There’s a lot on the theater docket this weekend, so let’s try to cover them quickly.
Anna Deavere Smith’s Fires in the Mirror has been praised as a great work of both theater and journalism. Built from extensive interviews in the aftermath of racial conflict in Crown Heights, Brooklyn in the early 1990s, the play presents monologues from about two dozen characters, offering what Profile Theatre calls a “Rashomon-like documentary portrait of contemporary ethnic turmoil.” Seth Rue does the solo shape-shifting onstage, directed by Bobby Bermea.
I always try not to judge any production in advance. However Artists Rep’s next show, Small Mouth Sounds, about a handful of folks at silent yoga retreat, is a play by Bess Wohl, whose American Hero, staged here two years ago, quite likely is the worst-written play I’ve seen at this usually reliable theater. Shawn Lee is, again, the director, and again has a terrific cast at his disposal, including company stalwart Michael Mendelson. Better luck this time.
Miami Sound Machine leaders Emilio and Gloria Estefan get the full stage-bio treatment in the touring Broadway show On Your Feet! Humble beginnings, courageous struggles, world-wide fame, blah blah blah — with dancing!
For Defunkt Theatre, Andrew Klaus Vineyard directs Daniel Talbott’s Slipping, a play about a gay high-school student uprooted from San Francisco to Iowa.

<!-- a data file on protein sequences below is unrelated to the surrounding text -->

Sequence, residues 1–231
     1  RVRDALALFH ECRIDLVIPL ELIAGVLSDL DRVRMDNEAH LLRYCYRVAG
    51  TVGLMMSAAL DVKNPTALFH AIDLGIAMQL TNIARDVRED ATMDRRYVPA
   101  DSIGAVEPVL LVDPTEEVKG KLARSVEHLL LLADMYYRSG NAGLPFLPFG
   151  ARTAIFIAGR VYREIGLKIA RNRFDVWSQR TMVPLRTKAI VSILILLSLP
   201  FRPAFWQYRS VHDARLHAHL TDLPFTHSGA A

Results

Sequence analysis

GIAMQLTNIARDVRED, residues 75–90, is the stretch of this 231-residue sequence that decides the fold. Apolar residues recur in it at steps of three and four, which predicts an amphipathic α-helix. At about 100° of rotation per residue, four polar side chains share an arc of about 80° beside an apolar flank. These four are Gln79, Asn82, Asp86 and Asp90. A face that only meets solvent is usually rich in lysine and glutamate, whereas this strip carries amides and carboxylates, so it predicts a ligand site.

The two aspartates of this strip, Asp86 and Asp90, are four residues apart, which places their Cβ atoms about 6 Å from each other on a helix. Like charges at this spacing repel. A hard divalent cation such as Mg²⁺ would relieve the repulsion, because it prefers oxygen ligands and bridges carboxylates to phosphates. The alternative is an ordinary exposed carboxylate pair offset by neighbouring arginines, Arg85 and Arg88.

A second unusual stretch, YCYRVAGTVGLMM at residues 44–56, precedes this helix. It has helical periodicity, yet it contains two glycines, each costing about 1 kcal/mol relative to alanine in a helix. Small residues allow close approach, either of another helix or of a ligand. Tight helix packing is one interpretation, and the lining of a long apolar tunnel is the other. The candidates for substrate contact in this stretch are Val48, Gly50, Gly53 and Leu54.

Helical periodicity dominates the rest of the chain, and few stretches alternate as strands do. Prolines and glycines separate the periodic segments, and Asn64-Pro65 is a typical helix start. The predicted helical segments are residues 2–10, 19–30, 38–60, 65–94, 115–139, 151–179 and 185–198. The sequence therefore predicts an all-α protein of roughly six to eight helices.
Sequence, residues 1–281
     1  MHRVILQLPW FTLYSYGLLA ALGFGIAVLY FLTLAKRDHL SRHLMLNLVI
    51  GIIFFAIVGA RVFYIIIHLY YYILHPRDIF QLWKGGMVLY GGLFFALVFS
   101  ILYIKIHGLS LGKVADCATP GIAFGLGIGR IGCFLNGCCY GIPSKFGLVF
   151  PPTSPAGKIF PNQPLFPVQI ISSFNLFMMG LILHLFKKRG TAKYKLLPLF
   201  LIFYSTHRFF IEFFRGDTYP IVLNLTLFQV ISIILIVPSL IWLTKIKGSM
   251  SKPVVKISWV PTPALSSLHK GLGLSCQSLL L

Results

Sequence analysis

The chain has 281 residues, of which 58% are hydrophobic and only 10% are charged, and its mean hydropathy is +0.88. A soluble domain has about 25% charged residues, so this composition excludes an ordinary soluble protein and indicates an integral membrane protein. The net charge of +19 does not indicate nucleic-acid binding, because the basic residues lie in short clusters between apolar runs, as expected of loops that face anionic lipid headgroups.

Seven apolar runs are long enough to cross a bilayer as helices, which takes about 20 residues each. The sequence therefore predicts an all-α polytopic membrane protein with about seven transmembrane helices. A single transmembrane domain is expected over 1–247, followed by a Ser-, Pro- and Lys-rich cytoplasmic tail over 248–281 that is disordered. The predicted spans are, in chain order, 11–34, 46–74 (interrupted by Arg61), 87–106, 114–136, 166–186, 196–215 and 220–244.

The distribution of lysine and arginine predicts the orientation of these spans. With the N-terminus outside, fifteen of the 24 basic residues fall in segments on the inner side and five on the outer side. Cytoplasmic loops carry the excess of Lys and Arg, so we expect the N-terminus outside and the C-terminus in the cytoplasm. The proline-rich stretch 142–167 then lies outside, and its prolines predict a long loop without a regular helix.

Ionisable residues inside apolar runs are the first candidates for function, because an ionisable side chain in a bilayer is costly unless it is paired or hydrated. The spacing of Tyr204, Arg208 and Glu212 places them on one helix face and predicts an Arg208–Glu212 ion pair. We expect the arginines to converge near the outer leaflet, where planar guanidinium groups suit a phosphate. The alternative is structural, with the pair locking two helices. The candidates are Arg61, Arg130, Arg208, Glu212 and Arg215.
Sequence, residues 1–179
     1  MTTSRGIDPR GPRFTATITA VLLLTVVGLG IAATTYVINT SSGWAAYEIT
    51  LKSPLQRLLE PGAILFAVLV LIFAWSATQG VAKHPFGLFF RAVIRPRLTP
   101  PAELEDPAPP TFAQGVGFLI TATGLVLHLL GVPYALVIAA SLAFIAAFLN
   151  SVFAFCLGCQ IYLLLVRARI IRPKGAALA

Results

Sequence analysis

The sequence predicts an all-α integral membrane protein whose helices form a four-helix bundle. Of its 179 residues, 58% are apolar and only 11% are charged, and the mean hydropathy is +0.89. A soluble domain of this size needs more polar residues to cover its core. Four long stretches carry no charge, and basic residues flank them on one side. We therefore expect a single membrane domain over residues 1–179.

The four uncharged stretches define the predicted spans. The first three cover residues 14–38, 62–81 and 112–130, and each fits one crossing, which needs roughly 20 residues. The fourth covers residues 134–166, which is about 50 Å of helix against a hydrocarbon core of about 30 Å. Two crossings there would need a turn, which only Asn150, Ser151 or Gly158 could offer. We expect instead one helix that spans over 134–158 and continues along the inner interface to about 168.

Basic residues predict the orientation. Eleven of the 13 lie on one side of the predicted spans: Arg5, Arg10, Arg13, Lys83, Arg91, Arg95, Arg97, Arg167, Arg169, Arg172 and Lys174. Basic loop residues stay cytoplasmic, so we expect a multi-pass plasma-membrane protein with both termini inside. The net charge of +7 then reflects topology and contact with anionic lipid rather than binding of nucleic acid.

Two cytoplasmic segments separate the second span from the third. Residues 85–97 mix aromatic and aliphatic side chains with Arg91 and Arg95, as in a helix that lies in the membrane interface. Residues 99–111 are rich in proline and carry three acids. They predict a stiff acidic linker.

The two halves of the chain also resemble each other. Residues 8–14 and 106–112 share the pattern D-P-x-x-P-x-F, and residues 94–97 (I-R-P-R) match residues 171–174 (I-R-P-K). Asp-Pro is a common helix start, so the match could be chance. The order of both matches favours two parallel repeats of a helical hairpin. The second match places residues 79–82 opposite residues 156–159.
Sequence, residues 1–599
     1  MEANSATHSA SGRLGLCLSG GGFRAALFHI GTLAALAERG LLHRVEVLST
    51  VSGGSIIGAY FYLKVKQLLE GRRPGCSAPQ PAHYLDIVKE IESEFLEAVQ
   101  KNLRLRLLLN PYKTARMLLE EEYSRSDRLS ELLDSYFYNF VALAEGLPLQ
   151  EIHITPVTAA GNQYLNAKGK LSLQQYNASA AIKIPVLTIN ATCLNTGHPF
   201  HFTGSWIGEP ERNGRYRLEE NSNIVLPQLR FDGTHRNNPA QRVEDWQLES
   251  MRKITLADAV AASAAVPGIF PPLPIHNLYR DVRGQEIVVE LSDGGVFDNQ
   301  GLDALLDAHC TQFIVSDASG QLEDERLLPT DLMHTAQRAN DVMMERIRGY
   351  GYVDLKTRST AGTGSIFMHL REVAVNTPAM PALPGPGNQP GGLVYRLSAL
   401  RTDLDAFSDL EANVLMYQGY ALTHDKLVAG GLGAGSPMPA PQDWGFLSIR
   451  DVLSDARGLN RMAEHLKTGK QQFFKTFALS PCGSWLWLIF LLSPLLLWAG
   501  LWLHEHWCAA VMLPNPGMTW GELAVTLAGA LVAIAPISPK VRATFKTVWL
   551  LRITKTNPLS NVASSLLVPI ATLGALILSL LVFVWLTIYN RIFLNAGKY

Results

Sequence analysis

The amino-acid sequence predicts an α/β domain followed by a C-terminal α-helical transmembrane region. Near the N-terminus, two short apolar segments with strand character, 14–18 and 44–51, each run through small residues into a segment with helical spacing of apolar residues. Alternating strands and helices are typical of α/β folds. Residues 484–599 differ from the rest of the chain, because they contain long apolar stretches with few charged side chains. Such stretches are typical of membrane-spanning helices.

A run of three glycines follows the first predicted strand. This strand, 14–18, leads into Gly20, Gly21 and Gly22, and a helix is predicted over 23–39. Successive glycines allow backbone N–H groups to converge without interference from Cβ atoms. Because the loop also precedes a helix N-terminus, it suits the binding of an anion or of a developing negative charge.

The Portland Utrecht Network, which manages relations between ArtsWatch’s beloved hometown and its Dutch sister city, presents Rietveld’s Daughter, about the family of architect and furniture designer Gerrit Rietveld, a principal in the 20th-century art movement called De Stijl.
Twilight Theater continues its “The Play Is the Thing” season with Peter Weiss’ Marat/Sade.
Philip Pelletier’s Frogtown Live!, a kids’ dance-party primer on blues, funk and soul, splashes down in Lakewood for a single show Sunday afternoon. The great singer Andy Stokes is one of the stars, so it has to be worthwhile.
Free and informative make a good combination. So should the Oregon Historical Society and actor Joe Wiegand, who team up to present An Evening with Teddy Roosevelt, with Wiegand recreating the Rough Rider himself, at the First Congregational Church.
Ann (almost) everlasting
I keep preparing to give Ann, the one-woman biographical play about former Texas governor Ann Richards, a nod as it comes to its closing weekend — only to double-check the Triangle Productions website and find that the show has been extended yet again. Must be the charm of its star, Margie Boule. In any case, you now have until Nov. 3 to catch it.
Hard-core haters of musicals often point out how artificial it is to have people just burst into song in the middle of dramatic situations. In Ordinary Days, the wonderful little Adam Gwon musical about to end its run at Broadway Rose, things feel almost the opposite — the songs carry so much of the story, and feel like such natural expressions of the characters, that it’s almost weird when anyone just, y’know, talks. So there goes that artificiality excuse. Go check this one out!
Meanwhile, the Stephen Schwartz/Roger Hirson musical Pippin at Lakewood Theatre closes shop on Sunday.
Best line I read this week
“I ordered a chicken and an egg from Amazon. I’ll let you know.”
— on the chalkboard that sports commentator Woody Paige keeps above his shoulder on the ESPN show “Around the Horn.”
That’s all I have for now. I’ll try to do better the next time.